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VMWare: Extend a Linux partition using LVM (CentOS / Red Hat)

Sometimes it happens that a partition is running out of disk space. The following article describes how to extend a LV (Logical Volume) by adding a new virtual hard disk.
Preconditions for this procedure are:
  • Filesystem in place must be XFS (works different on other filesystems, sample for EXT2/3/4 provided below)
  • LVM can only manage up to 4 partitions: As such, first check via fdisk -l that no more than 3 partitions are currently created!
  • All commands have to executed as root. Alternatively, use sudo to gain root access.
Before following the steps below, make sure that the hard disk is organized as a LV (use the command lvdisplay to check) and


Step-by-step guide

1. Open vSphere / VMWare - Client and enhance the size of the virtual disk:

2. Login to the machine as root and verify that a Logical Volume Manager
    (LVM) is in place:

    Command: lvdisplay

3. Check the overall size of the hard disk and make sure the changes you
    performed in vSphere Client are recognized by the guest-OS:

    Command: fdisk -l
    Write down (or remember) the name of the disk (in this example: /dev/sda)

4. Find out the name of the Volume Group (VG) using the

    Command: dh -h

    (as you can see, the name of the VG here is /dev/mapper/centos/root)

5. Create a new partition. To achieve this, run fdisk in the hard disk you
      identified in the previous step

      Command: fdisk /dev/sda (please change the name of the hard disk
      according to the name displayed in step 4)

6. Enter the fdisk command "p" to print the partition table:

7. Enter the fdisk command "n" to create a new partition:

8. Choose "p" to create a primary partition and enter the partition-number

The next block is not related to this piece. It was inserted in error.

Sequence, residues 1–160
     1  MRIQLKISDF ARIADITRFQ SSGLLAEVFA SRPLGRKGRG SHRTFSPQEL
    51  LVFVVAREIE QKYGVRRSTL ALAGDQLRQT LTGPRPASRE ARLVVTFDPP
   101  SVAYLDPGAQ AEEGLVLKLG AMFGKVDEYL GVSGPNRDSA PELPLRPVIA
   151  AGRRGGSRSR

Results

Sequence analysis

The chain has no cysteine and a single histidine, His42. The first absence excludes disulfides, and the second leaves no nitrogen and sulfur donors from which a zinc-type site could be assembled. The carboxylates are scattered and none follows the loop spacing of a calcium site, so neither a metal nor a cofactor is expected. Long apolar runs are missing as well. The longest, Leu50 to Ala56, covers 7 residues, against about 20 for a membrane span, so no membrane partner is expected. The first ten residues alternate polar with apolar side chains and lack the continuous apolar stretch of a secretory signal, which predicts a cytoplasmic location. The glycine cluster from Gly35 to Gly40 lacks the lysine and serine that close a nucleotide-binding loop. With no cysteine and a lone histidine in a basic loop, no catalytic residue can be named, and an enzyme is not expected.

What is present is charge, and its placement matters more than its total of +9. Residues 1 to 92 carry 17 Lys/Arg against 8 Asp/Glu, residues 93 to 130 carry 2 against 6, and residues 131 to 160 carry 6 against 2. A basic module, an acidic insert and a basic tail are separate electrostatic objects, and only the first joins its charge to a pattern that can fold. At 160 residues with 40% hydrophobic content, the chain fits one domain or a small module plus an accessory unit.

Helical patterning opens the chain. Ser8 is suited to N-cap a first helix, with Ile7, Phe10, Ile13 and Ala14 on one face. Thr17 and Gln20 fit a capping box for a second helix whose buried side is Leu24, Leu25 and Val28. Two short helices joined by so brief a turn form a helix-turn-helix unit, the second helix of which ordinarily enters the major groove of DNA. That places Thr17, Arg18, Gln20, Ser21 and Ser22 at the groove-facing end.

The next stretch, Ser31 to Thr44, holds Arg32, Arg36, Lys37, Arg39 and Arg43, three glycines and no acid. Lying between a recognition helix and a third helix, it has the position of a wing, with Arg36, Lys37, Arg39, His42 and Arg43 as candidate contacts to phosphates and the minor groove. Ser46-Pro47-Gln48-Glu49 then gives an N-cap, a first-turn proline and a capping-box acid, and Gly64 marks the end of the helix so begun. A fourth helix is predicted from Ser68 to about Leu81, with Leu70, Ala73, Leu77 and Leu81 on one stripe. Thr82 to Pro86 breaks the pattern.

(default usually will be fine):

9. Now you're being asked to enter the number of the first sector which should be
    used for the new partition.

    Again, the default value will be fine since it usually is the first available sector:

10. Now enter the last sector for the new partition. Default usually is the last free
      sector, so just accepting the default value 
will be fine;

11. Enter the fdisk command "w" to write the changes to the partition table.
      Afterwards, you have to reboot the machine for the kernel 
being able to re-
      scan the partition table. If you don't want to reboot, the command

should do the trick and re-read the partition-table.

12. After rebooting the machine / running partprobe, login again as root and
      run the

      command: fdisk -l

       to show the new partition table. The partition you created now should show

13. Now check first, that the VG is resizable. To achieve this, again run the

      commanddf -h

14. Now make the newly created partition a Physical Volume (PV) using the

        command: pvcreate [name of partition]

15. Now find out the name of the VG managed by LVM using the

      command: vgdisplay

16. Extend the VG with the PV you created in step 14 using the

      command: vgextend [name of VG] [name of LV]

17. Now we have to extend the logical volume LV (containing the physical
      volume PV we just created) with the space available on the new PV.

      Since there is a small overhead for administration-purposes needed, you can't
      dedicate the whole space which has been added to the logical volume LV.

      In our example (we added 100 GB), we're dedicating 99 GB to the LV
      running the 

      command: lvextend -L+[additional size] [name of PV]

        Hint: The command lvdisplay outputs the names of the logical volumes
       (LV), see step 2.

18. Now we have to re-grow the file-system for the mount-point which we'd like
      to enhance. Since on CentOS / Red Hat things work a bit different since
filesystem being used is XFS, the next step is figuring out the mount-
      To achieve this, run the 

      command: mount

19. Now we only have to run xfs_growfs to resize the XFS filesystem using the

      commandxfs_growfs [mountpoint]


      Running xfs_growfs [mountpoint] without any additional parameters will
      add all remaining space to the file-system specified by the mountpoint.

      In case your filesystem is EXT2/3/4, you'll have to use the
 resize2fs instead of xfs_growfs (not covered in this post).

20. Lastly, check the new size of the mountpoint with the

      command: df - h [mountpoint]

That's it, you're all set!